As an organisational leader you usually have a balancing act to perform especially around how well (or not) your team contributes to organisational success or not. Much depends on how well you manage to harness the commitment, efforts, skills and effectiveness of your team, and then how well you are able to let go and allow your team to take up the challenge and deliver.
If you are anything like me, you will know one of the most difficult dilemmas is determining when as a leader you should let go and allow employees to either float their boat, or sink.
In order to do this well, leaders need to have 3 grounded abilities
A) A reciprocal and healthy sense of taking and giving responsibility
B) An ability to communicate their own boundaries and a have healthy respect for other people’s
C) The courage to take and manage calculated risk.
Being able to apply these in working relationships is essential for good decision making, although for many reasons some find difficult to do. A mismatch of parameters can and does create disharmony, distrust, and demotivation within and sometimes outside of the team.
I remember a story about a brilliant CEO who was driven and committed to a life changing cause, was respected by peers and stakeholders. He got good results mostly and where he didn’t, had a great handle on problems. What he didn’t realise of course was 75% of his team were slowly sliding off the edge of the deck, while the remainder were standing at his back cheering him on, watching him steer the boat.
This great man had such an extended sense of responsibility he couldn’t see that by trying to control the whole ship, he was systematically disempowering his team – except of course those who liked to enjoy the view through the porthole along the way. He was wary of taking risks, giving over control and allowing his team to take some of the responsibility from him.
There are many variations on the theme and of course no-one’s perfect. There are many times I disempower my kids by making decisions for them. In a work situation, when the risk seemed too great I have been known to take over and override an employee’s decision; although I tried to do it kindly, of course, it was not always perceived that way. Sometimes you have to let people fall and suffer the consequences of that fall to learn and grow. That can be a tough call for a leader.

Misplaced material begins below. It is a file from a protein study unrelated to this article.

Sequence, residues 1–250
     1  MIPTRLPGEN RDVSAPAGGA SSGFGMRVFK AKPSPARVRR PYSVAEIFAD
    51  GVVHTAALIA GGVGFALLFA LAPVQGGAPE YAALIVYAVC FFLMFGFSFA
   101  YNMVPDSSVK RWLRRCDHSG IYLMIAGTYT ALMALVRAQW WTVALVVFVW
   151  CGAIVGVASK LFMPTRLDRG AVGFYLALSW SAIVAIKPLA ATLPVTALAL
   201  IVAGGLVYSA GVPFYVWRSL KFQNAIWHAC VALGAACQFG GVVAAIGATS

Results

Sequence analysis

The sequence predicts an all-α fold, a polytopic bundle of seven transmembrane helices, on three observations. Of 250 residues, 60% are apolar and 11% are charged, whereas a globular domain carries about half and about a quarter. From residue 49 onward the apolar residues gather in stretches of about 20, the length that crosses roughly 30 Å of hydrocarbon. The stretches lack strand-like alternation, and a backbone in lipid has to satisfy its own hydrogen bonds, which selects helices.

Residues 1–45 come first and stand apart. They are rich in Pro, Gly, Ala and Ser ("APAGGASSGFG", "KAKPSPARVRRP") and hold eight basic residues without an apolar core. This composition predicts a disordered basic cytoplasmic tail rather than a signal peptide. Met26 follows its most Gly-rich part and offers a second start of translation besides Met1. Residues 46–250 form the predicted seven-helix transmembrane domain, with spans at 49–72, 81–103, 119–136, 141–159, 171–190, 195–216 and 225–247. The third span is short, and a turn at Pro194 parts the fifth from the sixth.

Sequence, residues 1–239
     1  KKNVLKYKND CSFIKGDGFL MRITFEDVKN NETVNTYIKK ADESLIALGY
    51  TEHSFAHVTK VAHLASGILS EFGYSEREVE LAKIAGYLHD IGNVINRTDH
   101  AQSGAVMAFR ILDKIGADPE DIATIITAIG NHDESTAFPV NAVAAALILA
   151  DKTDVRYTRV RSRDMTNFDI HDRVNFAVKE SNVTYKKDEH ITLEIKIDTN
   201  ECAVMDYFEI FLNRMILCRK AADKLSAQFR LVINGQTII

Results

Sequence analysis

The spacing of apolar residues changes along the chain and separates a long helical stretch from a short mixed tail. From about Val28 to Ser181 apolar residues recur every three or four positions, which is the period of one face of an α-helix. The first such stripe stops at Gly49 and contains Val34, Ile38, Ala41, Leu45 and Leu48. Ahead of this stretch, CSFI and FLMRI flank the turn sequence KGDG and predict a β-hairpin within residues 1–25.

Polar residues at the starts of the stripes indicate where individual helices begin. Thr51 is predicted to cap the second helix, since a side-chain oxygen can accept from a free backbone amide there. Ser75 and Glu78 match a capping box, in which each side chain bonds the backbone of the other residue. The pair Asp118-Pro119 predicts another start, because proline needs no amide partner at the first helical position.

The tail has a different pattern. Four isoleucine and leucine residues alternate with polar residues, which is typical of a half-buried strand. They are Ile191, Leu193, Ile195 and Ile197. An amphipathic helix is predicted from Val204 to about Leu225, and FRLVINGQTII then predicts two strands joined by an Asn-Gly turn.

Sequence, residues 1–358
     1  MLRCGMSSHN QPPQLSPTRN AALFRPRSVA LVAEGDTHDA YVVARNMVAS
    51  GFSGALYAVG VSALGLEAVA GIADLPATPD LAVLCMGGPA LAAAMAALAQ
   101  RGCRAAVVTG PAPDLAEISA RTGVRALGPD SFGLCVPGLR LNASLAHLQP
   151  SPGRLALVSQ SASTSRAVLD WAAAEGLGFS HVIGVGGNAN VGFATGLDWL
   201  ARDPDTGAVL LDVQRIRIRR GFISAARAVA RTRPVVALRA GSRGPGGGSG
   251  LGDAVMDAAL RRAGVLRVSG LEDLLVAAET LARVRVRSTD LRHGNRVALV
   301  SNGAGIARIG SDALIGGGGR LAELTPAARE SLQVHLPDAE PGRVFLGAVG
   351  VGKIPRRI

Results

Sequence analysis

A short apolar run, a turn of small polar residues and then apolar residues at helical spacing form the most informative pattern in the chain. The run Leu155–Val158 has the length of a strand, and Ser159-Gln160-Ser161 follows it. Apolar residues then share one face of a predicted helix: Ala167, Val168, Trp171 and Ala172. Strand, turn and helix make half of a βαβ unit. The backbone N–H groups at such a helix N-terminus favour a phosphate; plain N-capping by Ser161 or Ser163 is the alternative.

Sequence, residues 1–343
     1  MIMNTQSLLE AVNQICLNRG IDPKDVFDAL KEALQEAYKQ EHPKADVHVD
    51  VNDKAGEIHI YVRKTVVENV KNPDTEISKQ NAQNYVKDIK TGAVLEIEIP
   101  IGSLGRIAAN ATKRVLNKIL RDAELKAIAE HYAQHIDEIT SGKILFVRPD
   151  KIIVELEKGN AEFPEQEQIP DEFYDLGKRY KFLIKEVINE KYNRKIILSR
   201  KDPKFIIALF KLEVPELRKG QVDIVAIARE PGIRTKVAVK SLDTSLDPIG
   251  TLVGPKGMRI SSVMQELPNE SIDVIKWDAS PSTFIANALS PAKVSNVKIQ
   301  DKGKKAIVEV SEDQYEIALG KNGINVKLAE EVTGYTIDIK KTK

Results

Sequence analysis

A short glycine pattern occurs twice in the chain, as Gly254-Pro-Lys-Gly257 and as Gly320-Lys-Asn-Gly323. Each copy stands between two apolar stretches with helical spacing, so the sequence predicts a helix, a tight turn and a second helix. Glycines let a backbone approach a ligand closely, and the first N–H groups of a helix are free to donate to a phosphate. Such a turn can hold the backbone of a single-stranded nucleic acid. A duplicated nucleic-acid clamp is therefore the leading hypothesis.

Alternatively, I heard from a team who had big problems because their leader “overdid” delegation. He was so focused on what others should or must be responsible for, he left himself out of the equation. He didn’t gain the respect of his team, as they often felt overburdened and were wary of asking for help because the signals he was giving indicated he didn’t really want to be involved, although that wasn’t the case at all.
One of the most difficult issues is respecting role boundaries. Of course roles are meant to be fluid and let’s face it, we all must cross over role boundaries at times in order to get the job done. But there are times when crossing over such boundaries either masks poor performance or muddies the water so much that it becomes confusing about accountability. Good role boundaries are essential, with a good degree of flexibility, under certain conditions and agreed circumstances when it is appropriate to do so.
When to let go and when to keep steering can seem daunting. Much depends on a leader’s inner confidence and maturity. The following examples “allow” people to achieve and take responsibility, within their boundaries, without enormous risks.
- Set outcomes and final timelines then let the team work out “how”
- Reward exceptional results and have clear consequences for non-achievement
- Empower teams to become involved in innovation, discussion and decisions wherever possible. Set standards around employee engagement. Understand the actions and behaviours which will facilitate engagement.
- Create zero tolerance for persistent lack of buy-in. Make engagement with the business a pre-requisite for working with you. Highlight and reward behaviours which demonstrate buy in. Clearly identify when lack of engagement causes problems for the organisation and act when you see it happening.
Creating great teams
- Be clear about what you expect, including behaviours, internal and external customer service and contribution. Make team-working a performance measure.
- Allow teams to work to their strengths, creating ownership, whilst maintaining corporate consistency in delivery.
I have rarely worked with or for a leader who gets responsibility and boundaries completely right. And of course how much leeway you give others has to be tempered by calculation of risk. It’s no good pointing fingers at the people falling into the water when the boat is already sinking, is it? What do you think? In your experience do leaders get the balance right?